Corporation law is all about the allocation of risk. It is about making deals possible where fewer deals or no deals at all are likely. It is all about "let's make a deal." It is therefore quintessentially American.
Instead of reams of paper to read and sign in triplicate, we have corporation law. Whatever a corporation achieves in terms of risk-allocation, a contract could achieve. But it is cheaper for everyone concerned to file incorporation papers and put "Inc." on the company's letterhead stationery than it is to fill out all those forms every time there is a transaction.
Critics of incorporation usually invoke a higher morality — undefined and undefended — to challenge the corporation's right to exist. But every criticism boils down to this one: "The right of contract has limits when it comes to risk-allocation." Every criticism of the corporation is inherently and necessarily a criticism of the right of contract.
This is why it is so strange to read critiques of the corporation written by people who affirm their commitment to libertarianism. They say, sometimes openly, that the corporation is immoral and therefore should not be allowed to exist because people who invest in the corporation do not bear all of the risks associated with doing business. The critics never admit, let alone praise, the economic fact that such a legal prohibition is discriminatory against outsiders who want to make a deal and who are willing to bear some of the risk associated with the deal.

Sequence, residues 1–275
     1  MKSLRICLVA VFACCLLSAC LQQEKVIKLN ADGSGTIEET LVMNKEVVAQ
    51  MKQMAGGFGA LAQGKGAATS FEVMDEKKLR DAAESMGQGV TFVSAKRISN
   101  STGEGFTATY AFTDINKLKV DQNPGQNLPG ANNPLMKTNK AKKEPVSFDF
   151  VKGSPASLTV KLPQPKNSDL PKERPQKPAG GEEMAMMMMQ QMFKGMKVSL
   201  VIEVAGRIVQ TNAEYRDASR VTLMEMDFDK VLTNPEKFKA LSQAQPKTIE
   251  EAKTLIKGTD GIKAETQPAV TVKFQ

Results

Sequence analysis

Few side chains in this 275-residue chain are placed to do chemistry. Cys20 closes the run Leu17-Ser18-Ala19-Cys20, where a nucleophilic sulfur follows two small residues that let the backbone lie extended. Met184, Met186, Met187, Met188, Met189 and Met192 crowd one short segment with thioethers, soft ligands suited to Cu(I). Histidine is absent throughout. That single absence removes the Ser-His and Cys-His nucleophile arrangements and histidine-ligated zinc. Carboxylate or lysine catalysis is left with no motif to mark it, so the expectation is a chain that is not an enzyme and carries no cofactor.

Critics of the corporation are necessarily critics of contracts. They are promoters of legalized restraints on trade. They are saying, not simply that limited liability for corporations is wrong, but that limited liability is itself wrong. "The seller cannot legally transfer responsibility to the buyer." Why not? "It's just not right!"
Here is the problem: both parties are sellers and both are buyers. Sellers of goods are buyers of money (or other goods in barter). Buyers of goods are sellers of money. What the critics of the corporation are saying is that, because of some moral principle, the seller of money must not be allowed to bear more than a small fraction of the risk associated with default by the seller of goods. Instead, investors in the corporation must bear the lion's share of the risk. Why? The critics do not say. By what theory of mutually beneficial exchange? They do not say. They do not say in print what their policy recommendation requires: there must be restrictions on the sale of and investment in risk.
In short, risk is seen as somehow unique among economic transactions: one group of transactors — non-board member investors in a corporation — are morally bound to bear most of the risk, right down to their last penny and even to slavery, if the critics' principle of risk-bearing is followed to its logical conclusion.